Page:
5. Full MarineDiesel warranty terms apply.
  6. Government financing may be available. 

 

Life Cycle

General Motors has been manufacturing the Vortec block configured to LPG for nearly thirty years.

Thousands of units have been sold and the engine has proved to be extremely reliable.

The MTBO is at 10,000 hours of use, however, it is highly dependent on climate and continuous RPM.

 

Cost to Operate

The 5.7L LPG consumes fuel based on engine load.

100% Load:         9.3 m3 / hour

75% Load:            7.1 m3 / hour

50% Load:            5.4 m3 / hour

25% Load:            3.8 m3 / hour

 

<<COMPARE VS EQUIVALENT DIESEL>>

100% Load:         27 L / hour

75% Load:            20 L / hour

50% Load:            12 L / hour

25% Load:            8 L  / hour

 

Current prices of fuel (local converted to Euros):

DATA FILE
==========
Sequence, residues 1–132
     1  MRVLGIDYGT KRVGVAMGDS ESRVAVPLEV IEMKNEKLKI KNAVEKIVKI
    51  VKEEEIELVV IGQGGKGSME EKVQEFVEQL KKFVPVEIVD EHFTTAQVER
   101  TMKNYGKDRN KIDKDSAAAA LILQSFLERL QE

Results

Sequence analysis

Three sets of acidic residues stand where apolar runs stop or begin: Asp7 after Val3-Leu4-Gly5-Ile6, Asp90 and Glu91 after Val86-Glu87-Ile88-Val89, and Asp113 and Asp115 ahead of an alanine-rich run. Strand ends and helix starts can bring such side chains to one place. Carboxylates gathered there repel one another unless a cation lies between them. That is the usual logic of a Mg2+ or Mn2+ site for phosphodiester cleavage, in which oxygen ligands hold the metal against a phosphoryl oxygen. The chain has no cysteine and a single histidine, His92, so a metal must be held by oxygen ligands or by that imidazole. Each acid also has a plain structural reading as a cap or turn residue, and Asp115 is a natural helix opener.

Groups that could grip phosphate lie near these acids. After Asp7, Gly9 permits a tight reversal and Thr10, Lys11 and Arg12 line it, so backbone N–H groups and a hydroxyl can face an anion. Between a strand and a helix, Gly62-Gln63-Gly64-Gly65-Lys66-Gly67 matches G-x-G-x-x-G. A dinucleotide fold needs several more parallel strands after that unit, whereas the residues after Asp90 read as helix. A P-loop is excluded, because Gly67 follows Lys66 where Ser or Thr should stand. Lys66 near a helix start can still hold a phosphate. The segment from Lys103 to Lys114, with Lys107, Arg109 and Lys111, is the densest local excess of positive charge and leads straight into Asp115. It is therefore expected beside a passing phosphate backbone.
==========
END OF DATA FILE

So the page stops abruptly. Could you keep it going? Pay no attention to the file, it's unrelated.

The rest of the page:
LPG:   0.30 / litre

Diesel: 0.79 / litre

Average annual use of 4,400 hours per year, assuming 75% load at 1,800 RPM.

LPG consumption 3.85 Liters / m3

27.335 Liters LPG / Hour

LPG annual cost of fuel consumption: 33,075

Diesel annual fuel consumption: 65,978

Cost of ownership, year one

Diesel:

Cost of Engine:                                                  5,000

Operating Cost:                                                                65,978

Service and spares (oil filters, etc):          2,900

Total Cost Year One:                73,878

LPG:

Cost of Engine:                                                  7,250

Operating Cost:                                                                33,075

Service and Spares:                                         2,500

Total Cost Year One:                42,825

 

Payback Time: 3 months

 

Amount of Power Produced

This is a difficult question to answer, since it will vary greatly based on the alternator chosen. In order to keep everything consistent, the same Kohler alternator 4P10X, will be used. This same alternator is used by numerous other manufacturers to produce the same amount of electricity, using LPG, Diesel, or CNG.

This alternator will produce 52 kW of power at 110 / 220 50 hz, using the 5.7L engine.